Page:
In the United States, the Securities and Exchange Commission (SEC) regulates capital markets, including the stock market throughout the entire country.
In Ontario, the Ontario Securities Commission regulates the Toronto Stock Exchange (TSX), while in BC the British Columbia Securities Commission regulates the Vancouver Stock Exchange (VSE). However, there is no single capital markets regulator covering all of Canada.
A nationwide regulator covering all of Canada would ensure that Canada’s financial markets are regulated with the same laws and enforced with the same rigor, fueling Canada’s economy and maintaining Canada’s financial stability. With that aim in mind, the federal government has been trying to create a nationwide securities regulator for Canada for some time, under its proposed Securities Act. Unfortunately, the creation of a nationwide securities regulator was dealt a setback by the Supreme Court of Canada in the Reference re Securities Act released today.
The problem is that under the Canadian constitution, the federal government has a general power to regulate trade and commerce but each provincial government has the sole power to regulate matters over property and civil rights and matters of a local or private nature within their own province. The Court held that as it is currently drafted, the proposed Act is not chiefly aimed at genuine federal concerns, but is principally directed at the day‑to‑day regulation of all aspects of securities and is thus unconstitutional.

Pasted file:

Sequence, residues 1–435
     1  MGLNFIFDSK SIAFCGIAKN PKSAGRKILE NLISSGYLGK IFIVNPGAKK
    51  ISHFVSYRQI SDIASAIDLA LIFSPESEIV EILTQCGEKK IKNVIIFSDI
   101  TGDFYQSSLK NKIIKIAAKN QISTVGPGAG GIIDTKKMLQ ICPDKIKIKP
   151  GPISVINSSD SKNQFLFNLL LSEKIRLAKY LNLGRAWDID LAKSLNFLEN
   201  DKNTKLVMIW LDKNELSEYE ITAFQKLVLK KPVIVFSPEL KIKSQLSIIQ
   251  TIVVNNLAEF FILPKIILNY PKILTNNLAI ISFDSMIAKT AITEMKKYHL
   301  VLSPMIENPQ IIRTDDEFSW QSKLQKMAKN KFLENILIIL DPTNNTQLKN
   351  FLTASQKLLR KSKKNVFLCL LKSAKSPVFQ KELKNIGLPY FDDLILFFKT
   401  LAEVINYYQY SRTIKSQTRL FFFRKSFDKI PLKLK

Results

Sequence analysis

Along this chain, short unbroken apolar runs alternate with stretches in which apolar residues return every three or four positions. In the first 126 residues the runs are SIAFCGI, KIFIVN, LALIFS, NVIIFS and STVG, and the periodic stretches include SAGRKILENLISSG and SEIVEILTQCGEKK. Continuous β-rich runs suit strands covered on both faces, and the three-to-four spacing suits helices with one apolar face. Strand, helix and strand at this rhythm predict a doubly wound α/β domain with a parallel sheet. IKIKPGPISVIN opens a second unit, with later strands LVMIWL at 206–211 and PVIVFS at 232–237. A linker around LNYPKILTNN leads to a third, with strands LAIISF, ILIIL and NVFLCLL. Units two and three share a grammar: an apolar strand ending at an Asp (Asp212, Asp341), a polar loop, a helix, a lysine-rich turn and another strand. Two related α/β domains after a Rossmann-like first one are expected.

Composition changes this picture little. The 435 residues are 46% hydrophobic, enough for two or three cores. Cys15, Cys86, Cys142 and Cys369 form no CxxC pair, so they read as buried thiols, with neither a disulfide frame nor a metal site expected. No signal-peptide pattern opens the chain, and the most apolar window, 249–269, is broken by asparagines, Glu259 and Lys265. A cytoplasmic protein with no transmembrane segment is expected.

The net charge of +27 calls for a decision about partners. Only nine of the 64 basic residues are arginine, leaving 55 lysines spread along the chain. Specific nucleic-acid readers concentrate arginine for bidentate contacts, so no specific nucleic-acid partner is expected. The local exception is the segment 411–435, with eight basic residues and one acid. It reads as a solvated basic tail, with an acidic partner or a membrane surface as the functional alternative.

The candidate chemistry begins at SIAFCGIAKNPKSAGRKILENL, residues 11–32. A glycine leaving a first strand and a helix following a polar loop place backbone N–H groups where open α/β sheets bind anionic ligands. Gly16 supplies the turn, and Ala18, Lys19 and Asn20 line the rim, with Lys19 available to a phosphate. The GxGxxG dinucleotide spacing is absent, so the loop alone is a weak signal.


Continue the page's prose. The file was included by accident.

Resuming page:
The Court however recognized that there are specific aspects of the Act aimed at addressing matters of genuine national importance that is distinct from provincial concerns, including the management of systemic risk and national data collection, which the provinces, acting alone or in concert, lack the constitutional capacity to sustain a viable national scheme.
The next step for the federal government then would be to redraft the Securities Act taking into account the Supreme Court’s ruling, and hopefully reintroduce it later on in 2012. A nationwide regulator is important for Canada as a whole, and the federal government should make it a priority in the new year.